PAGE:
It is true that in the Abbott case, supra, it was held that section 1255a of the Code of Civil Procedure was applicable to proceedings under the 1903 act, but it does not follow that all of the sections of the Code of Civil Procedure, applicable to eminent domain proceedings, apply to proceedings under the 1903 act. In fact, it was only because the 1903 act was entirely silent as to what constituted an abandonment that section 1255a was held applicable. The Abbott case distinctly recognizes that where the 1903 act has provisions contrary or inconsistent with the general provisions of the code, the act governs. This is the rule long established by the cases. (Frank v. Maguire, 201 Cal. 414 [257 P. 515]; City of Los Angeles v. Oliver, 110 Cal.App. 248 [294 P. 760]; City of Los Angeles v. Oliver, 102 Cal.App. 299 [283 P. 298].)  Section 31 of the Street Opening Act of 1903 provides that the awards allowed condemnees under that act shall be paid when there is sufficient money in the special assessment fund to pay them. That time cannot possibly occur until the assessments are paid or the assessment bonds sold--a minimum period, it is conceded, of seven or eight months. These provisions are [1 Cal.2d 81] totally inconsistent with section 1251 of the Code of Civil Procedure providing for the thirty-day period, and therefore that section is inapplicable.
 It should also be mentioned that the one-year exception found in section 1251 in reference to bonds has no reference to bonds issued under the 1903 act. The bonds referred to in that section are "bonds of said state or public corporation"--that is, general obligation bonds of the state or city. The bonds issued under the 1903 act or the Auxiliary Street Opening Bond Act of 1911 (Stats. 1911, p. 1192, as amended) are not such bonds. (See Brooks v. City of Oakland, 160 Cal. 423 [117 P. 433].) Under the 1903 and 1911 acts the issuance of the bonds and the determination of the amount thereof are deferred until after the assessments levied have become delinquent. It is obvious, therefore, that no portion of section 1251 of the Code of Civil Procedure has any application to proceedings under the 1903 act.
Such a holding does not mean, as respondents contend, that a condemnee in such a case is entirely at the mercy of the condemnor as to when his judgment will be paid.  We do not mean to hold that a city, after an interlocutory judgment has been entered in proceedings under the 1903 act, could deliberately refuse to further proceed by the levying and collection of assessments and the issuance of bonds, and so fail to create the special fund with which the judgment is to be paid. Any such unreasonable delay, under a proper state of facts, could be interpreted by the trial court as a voluntary abandonment entitling the condemnee to a judgment of dismissal and an award of attorneys' fees under section 1255a of the Code of Civil Procedure. But in the instant case respondents took no steps to protect their rights until after the city had been enjoined from further proceeding. As already held, that was too late. The abandonment then become involuntary and no attorneys' fees can be recovered.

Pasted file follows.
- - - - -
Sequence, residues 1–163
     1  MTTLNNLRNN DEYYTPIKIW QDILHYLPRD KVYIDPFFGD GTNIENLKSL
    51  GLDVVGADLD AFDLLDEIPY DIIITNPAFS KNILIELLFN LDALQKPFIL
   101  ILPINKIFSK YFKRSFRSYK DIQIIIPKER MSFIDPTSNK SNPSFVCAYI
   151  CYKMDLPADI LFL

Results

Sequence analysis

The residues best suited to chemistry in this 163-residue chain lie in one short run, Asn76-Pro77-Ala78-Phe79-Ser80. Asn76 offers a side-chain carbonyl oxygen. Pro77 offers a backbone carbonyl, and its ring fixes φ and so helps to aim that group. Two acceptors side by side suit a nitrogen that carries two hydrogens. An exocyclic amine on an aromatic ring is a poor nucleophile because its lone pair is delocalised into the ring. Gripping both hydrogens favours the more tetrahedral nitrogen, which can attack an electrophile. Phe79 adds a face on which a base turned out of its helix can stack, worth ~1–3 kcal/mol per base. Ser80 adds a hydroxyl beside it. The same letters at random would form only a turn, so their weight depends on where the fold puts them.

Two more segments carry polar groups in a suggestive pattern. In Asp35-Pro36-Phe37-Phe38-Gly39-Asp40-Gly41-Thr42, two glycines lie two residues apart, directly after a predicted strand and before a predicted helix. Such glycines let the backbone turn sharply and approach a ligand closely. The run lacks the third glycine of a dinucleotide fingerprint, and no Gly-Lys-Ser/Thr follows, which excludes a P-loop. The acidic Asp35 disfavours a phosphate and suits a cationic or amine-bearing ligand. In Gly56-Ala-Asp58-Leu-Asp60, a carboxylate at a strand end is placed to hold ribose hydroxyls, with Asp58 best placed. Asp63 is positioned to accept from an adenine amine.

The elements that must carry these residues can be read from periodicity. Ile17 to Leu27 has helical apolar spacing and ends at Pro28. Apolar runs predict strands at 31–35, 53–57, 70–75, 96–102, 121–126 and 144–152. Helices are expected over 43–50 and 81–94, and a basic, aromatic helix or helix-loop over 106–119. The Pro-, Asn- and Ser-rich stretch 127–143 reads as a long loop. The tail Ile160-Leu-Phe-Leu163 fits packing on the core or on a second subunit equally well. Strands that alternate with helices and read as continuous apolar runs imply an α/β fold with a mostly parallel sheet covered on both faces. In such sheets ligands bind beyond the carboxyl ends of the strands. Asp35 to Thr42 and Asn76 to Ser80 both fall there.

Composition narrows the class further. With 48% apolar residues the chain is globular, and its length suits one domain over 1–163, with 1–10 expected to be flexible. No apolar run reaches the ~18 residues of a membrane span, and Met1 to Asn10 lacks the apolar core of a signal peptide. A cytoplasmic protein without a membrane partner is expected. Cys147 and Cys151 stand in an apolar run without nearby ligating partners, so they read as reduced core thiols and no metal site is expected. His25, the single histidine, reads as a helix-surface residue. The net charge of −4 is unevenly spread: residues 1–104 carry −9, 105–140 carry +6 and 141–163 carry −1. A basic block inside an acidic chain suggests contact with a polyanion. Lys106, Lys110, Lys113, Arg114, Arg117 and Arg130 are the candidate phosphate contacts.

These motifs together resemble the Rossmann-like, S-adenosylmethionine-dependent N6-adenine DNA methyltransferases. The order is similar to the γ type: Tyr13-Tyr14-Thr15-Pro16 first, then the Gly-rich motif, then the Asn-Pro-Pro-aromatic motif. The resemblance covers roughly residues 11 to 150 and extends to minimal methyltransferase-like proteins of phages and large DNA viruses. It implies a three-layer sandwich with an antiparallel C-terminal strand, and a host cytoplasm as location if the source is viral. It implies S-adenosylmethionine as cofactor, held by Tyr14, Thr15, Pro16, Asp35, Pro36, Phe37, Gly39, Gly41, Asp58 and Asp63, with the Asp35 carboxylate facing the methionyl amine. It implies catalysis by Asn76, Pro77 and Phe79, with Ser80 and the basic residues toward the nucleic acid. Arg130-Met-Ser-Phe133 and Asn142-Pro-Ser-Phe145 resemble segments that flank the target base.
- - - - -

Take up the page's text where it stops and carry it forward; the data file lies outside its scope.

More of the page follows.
Respondents contend that the Blackburn injunction did not declare the ordinance involved void, and is thus to be distinguished from the injunction involved in the Abbott case. A reading of the two decrees indicates that in fact the Blackburn decree is broader than the decree involved in the Abbott case. The injunction here involved [1 Cal.2d 82] decreed "That ordinance No. 45,575 (New Series), and all proceedings under said ordinance are hereby restrained and enjoined from paying out any money of said city ... for any costs or expenses incurred in connection with the improvements provided by said ordinance No. 45,575 (New Series)," and further that the city and its employees "are forever enjoined and restrained from proceeding under the said assessment or from taking any action thereunder". The decree effectually restrained the city from further proceeding under the ordinance.
 Appellant also contends that although respondents are entitled to their usual costs they are not entitled to any allowance for expert witness fees except the statutory amount for witnesses generally. This is undoubtedly correct, but it does not appear whether the trial court made any such allowance, the costs allowed being awarded in a lump sum. For the guidance of the trial court it should be added that although it is true, as respondents claim, that section 1871 of the Code of Civil Procedure in reference to expert witness fees has no application to this case, having been passed after the trial of this action, under the decision of the Abbott case all that respondents are entitled to is their ordinary costs, which do not include expert witness fees.
The respondents are entitled to a dismissal of the action with ordinary costs of suit. Inasmuch as it cannot be ascertained what the ordinary costs are, the award being in a lump sum, the judgment and order appealed from will have to be reversed. It is so ordered. Both sides to bear their own costs on this appeal. [1 Cal.2d 83]
|Thu, 05/31/1934||1 Cal.2d 76||Review - Civil Appeal||Opinion issued|
|1||THE CITY OF LOS ANGELES (a Municipal Corporation), Appellant, v. JOHN AGARDY et al. (Respondent)|
|2||JOHN AGARDY et al. (Respondent)|
|May 31 1934||Opinion: Reversed|